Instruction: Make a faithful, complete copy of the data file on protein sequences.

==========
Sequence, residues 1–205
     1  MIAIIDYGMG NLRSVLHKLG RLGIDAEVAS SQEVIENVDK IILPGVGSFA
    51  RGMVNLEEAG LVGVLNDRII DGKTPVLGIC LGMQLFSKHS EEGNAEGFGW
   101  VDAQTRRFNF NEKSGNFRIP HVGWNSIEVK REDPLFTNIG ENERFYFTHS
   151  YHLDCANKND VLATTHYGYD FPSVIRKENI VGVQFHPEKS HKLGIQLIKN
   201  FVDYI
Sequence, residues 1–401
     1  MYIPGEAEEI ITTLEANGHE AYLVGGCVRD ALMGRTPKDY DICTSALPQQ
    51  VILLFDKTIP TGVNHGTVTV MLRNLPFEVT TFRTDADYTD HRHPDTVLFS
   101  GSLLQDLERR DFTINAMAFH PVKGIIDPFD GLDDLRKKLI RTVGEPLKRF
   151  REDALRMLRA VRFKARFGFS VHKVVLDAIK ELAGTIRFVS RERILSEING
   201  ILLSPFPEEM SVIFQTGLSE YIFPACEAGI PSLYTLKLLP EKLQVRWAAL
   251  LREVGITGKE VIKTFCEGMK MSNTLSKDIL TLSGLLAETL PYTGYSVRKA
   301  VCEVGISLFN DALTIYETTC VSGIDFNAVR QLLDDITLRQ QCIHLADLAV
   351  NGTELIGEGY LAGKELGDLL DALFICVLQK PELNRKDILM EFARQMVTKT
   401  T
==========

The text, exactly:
Sequence, residues 1–205
     1  MIAIIDYGMG NLRSVLHKLG RLGIDAEVAS SQEVIENVDK IILPGVGSFA
    51  RGMVNLEEAG LVGVLNDRII DGKTPVLGIC LGMQLFSKHS EEGNAEGFGW
   101  VDAQTRRFNF NEKSGNFRIP HVGWNSIEVK REDPLFTNIG ENERFYFTHS
   151  YHLDCANKND VLATTHYGYD FPSVIRKENI VGVQFHPEKS HKLGIQLIKN
   201  FVDYI
Sequence, residues 1–401
     1  MYIPGEAEEI ITTLEANGHE AYLVGGCVRD ALMGRTPKDY DICTSALPQQ
    51  VILLFDKTIP TGVNHGTVTV MLRNLPFEVT TFRTDADYTD HRHPDTVLFS
   101  GSLLQDLERR DFTINAMAFH PVKGIIDPFD GLDDLRKKLI RTVGEPLKRF
   151  REDALRMLRA VRFKARFGFS VHKVVLDAIK ELAGTIRFVS RERILSEING
   201  ILLSPFPEEM SVIFQTGLSE YIFPACEAGI PSLYTLKLLP EKLQVRWAAL
   251  LREVGITGKE VIKTFCEGMK MSNTLSKDIL TLSGLLAETL PYTGYSVRKA
   301  VCEVGISLFN DALTIYETTC VSGIDFNAVR QLLDDITLRQ QCIHLADLAV
   351  NGTELIGEGY LAGKELGDLL DALFICVLQK PELNRKDILM EFARQMVTKT
   401  T